Islamic Student Weathers Stereotyping

Sophomore Hadeel Huwaish sits on the link stairs, surrounded by her friends during A Lunch on Jan. 5. At times, Huwaish feels like she is the “odd one out” because of her Islamic faith. Photo by Lauren Gray, photo illustration by Evan Hughes

 

By Josh Farmer

The media has recently featured numerous news stories about Syrian refugees trying to escape the violence in Syria. Other Middle Easterners, too, have fled from Jihad violence, including Baghdad Muslims fearing ISIS and Taliban attacks.

Sophomore Hadeel Huwaish lived in Jordan and Iraq until she was seven years old.  Then her father, Homamama Huwaish, a computer engineer, was offered a job in Tennessee. He was quick to take the job due to the violence in Baghdad, Iraq, where they were living at the time. A few months later, her father decided to take another position here in Superior at Enbridge.

Hadeel doesn’t remember much about living in the Middle East. America is her home. Specifically Superior, where she plays on the soccer team and manages boys’ soccer. Hadeel has said she is just like many other people attending our school, seeing herself as a committed student. Despite playing sports, studying hard and living in America as a legal citizen, she still experiences the complications and stereotypes that many Muslims face today in America.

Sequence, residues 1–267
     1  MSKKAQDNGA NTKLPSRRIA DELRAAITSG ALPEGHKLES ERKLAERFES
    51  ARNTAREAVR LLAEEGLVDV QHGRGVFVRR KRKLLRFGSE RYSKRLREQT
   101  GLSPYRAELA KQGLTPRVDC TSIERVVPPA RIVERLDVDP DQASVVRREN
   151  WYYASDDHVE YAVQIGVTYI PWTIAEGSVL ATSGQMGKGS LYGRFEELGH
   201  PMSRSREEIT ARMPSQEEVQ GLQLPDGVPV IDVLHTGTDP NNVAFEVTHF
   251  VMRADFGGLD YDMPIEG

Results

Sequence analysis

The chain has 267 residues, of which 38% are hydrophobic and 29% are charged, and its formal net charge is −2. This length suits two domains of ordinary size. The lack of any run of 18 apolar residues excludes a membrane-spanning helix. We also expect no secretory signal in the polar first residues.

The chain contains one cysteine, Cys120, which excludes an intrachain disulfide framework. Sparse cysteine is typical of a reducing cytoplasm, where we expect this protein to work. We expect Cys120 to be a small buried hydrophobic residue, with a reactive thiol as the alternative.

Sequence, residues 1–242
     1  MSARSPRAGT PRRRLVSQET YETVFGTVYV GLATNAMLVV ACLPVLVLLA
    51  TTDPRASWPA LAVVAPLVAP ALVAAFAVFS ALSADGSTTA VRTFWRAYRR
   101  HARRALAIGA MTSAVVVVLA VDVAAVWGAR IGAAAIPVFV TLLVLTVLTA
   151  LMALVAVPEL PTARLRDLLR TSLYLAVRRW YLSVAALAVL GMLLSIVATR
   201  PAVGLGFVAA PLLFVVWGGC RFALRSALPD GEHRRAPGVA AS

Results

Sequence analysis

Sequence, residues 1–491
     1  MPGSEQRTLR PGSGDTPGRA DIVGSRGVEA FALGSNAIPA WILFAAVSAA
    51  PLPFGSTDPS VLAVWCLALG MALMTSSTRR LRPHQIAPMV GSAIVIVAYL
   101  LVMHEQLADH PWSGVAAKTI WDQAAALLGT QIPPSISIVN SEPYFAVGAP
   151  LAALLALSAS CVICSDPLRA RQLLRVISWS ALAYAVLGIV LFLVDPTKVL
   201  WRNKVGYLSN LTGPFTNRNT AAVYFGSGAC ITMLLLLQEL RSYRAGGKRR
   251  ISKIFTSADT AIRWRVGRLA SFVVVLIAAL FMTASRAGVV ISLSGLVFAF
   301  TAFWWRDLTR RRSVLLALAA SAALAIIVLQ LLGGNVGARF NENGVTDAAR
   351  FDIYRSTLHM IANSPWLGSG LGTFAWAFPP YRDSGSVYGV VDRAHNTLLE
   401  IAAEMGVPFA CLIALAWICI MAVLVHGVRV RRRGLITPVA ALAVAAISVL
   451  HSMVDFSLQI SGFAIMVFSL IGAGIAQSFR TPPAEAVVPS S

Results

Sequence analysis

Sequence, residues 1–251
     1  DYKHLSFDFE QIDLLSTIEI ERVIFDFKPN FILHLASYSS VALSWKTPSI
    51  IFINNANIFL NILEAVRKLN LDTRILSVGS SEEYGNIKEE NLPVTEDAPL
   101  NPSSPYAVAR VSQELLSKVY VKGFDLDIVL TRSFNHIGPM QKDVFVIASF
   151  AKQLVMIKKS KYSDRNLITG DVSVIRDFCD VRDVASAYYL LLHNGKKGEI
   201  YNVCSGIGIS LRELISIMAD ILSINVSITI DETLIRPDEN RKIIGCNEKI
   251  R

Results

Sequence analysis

Hadeel has experienced many cases of prejudice, such as people calling her “terrorist” or “Taliban.” She said that these insensitive comments happen daily, and to her it is “very irritating.”

“It hurts,” Hadeel said.

“I laugh at some of their jokes, but other times they can be very persistent, and that’s when I get mad,” Hadeel said.

Hadeel mentioned that her family has studied the Qur’an and are active Muslims.

Homamama has wanted her to focus on her schooling rather than her religious practices because she didn’t start learning how to speak, write or read English until she was seven years old.  She has been a little bit further behind in English than a student who grew up in America.

“It was apparent in her writing that she was quite a bit behind, but I didn’t notice it for a long time,” Jennifer Carlson, Hadeel’s English teacher, said. “It doesn’t seem to affect her.”

Carlson said she was social and kept up on her assignments, which helped.

Junior Lauren Gray has known Hadeel since 8th grade and also plays soccer with her.

“She’s a really good friend who’s going to give 100 percent to your friendship and will always be there if you need her,” Gray said.

Hadeel has hopes of attending medical school and working in the medical field to help others. While living in America, she has seen much negativity towards her native Islamic religion, but she has said she still has plans some day of picking up where she left off, studying the Qu’ran and expanding her beliefs.

 

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